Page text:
I've been away from the forum for some time, but I'll have to say that my anti-knife comments stirred up much more of a hornets nest than I ever expected.
I'll moderate my anti-knife sentiments (in the climbing arena) by saying the following. It is more about what is between the two ears of the person with the knife than having or not having a knife. A knife is a tool, and a darn useful one at that.
My experiences involve a partner who was far too eager and excited about having his knife along and handy when we went climbing. This fellow has been reliable on many other situations mind you, but has a tendency towards an overly gung-ho attitude. Warning signs were there up front.
I had led a pitch and he had some trouble following but joins me at the belay before long. I ask about one of the nuts that should go back on the rack. "Oh, I couldn't get it out, that was the trouble down there". We finished the climb, but I was annoyed about missing a couple of nuts on my rack, so went back a week later with someone else. This place was fairly remote, but a nice excuse for a hike. The nuts were there and easily removed. On the nuts were hanging the slings -- cut with a knife! The rascal had climbed above the piece without unclipping or removing it (or something) and rather than downclimb and clean it, just reached down and cut the slings.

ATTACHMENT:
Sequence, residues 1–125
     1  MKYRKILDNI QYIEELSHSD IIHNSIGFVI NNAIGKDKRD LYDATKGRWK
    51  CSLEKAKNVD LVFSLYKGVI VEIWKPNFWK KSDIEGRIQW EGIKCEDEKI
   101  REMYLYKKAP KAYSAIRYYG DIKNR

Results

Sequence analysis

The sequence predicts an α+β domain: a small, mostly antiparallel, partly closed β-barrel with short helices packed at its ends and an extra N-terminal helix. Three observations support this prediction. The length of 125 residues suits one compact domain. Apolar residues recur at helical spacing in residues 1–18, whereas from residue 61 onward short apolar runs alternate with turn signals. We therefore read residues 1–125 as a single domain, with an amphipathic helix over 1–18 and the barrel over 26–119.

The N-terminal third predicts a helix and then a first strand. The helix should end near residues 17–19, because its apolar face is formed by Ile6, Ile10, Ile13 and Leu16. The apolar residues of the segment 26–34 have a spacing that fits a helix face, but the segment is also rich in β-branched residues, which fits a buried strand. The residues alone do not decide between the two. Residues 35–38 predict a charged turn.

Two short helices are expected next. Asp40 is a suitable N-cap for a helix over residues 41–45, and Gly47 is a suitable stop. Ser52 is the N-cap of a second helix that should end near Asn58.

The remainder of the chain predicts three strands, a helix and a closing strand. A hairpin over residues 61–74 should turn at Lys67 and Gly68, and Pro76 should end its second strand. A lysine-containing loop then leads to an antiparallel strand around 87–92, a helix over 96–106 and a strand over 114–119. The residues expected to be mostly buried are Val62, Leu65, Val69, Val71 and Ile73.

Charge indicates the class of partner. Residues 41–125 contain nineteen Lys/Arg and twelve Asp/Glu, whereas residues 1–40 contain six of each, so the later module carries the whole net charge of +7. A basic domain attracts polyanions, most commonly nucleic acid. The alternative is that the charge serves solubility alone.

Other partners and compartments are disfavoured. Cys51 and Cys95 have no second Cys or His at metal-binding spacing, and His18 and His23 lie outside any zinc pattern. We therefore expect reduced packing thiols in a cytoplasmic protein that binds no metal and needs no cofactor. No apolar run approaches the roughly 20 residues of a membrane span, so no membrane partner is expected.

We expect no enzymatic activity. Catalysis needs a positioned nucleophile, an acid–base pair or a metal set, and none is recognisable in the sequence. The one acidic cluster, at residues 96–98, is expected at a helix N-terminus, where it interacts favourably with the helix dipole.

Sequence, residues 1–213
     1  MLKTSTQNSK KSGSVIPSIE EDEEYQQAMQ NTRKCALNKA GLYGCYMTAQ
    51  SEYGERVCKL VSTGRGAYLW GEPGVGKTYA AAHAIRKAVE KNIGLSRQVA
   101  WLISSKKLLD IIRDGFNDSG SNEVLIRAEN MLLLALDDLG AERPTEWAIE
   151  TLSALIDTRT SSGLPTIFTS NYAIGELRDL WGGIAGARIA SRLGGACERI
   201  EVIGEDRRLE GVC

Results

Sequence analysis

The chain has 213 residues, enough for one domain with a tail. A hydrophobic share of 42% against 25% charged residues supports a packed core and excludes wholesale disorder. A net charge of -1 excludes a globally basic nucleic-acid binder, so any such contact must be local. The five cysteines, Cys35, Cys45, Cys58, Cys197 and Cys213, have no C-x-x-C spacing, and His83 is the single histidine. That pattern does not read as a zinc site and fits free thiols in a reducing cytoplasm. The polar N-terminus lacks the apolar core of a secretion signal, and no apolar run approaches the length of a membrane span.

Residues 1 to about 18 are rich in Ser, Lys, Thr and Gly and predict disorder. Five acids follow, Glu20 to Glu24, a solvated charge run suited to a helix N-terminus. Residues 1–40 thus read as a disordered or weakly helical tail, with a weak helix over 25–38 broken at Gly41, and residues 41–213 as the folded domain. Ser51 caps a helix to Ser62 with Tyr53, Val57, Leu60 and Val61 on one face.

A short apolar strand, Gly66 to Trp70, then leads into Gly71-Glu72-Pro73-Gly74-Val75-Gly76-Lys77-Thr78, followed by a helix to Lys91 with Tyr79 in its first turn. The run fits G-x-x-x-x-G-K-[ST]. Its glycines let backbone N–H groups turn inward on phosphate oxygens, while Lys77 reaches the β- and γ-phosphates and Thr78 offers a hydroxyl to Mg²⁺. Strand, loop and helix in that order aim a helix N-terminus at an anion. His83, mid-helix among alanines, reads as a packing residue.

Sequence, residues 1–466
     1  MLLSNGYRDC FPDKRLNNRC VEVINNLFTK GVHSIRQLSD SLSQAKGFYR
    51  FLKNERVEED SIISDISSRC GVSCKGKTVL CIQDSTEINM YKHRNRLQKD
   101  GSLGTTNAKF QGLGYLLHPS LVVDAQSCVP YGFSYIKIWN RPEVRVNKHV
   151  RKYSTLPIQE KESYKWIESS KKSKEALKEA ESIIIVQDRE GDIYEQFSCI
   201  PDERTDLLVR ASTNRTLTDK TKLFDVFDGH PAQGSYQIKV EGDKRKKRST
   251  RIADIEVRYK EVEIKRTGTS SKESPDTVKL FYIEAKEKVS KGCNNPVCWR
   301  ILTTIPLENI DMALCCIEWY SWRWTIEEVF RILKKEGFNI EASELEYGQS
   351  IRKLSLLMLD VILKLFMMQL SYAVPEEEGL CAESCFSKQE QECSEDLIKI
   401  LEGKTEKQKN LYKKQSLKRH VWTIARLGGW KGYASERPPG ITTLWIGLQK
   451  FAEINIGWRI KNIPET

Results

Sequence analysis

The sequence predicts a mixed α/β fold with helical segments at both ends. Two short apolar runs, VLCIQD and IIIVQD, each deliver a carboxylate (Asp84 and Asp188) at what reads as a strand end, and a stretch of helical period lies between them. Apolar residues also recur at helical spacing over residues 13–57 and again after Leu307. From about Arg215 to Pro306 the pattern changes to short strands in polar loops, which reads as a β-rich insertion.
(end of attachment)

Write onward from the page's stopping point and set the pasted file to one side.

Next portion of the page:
Needless to say, I never really trusted this fellow again, though we continued to be friends. And I never told him that I had discovered his lie either.
It was a little bit of secret knowledge that I felt was best kept to myself as a sort of landmark in my mind about this guys character. I am sure many of you will have doubts about how I handled this (though my climbing days with this fellow were certainly over).
So there, now you know where I am coming from. A story nobody has even been told before. What is the lesson? Choose your partners carefully, and perhaps beware of those who think their knife is their most important piece of climbing gear.
As for the Spyderco Rock-Jumper, it doesn't deserve any bad press because of this man's questionable knife "handling". But this experience has certainly biased my thinking about knives and climbing.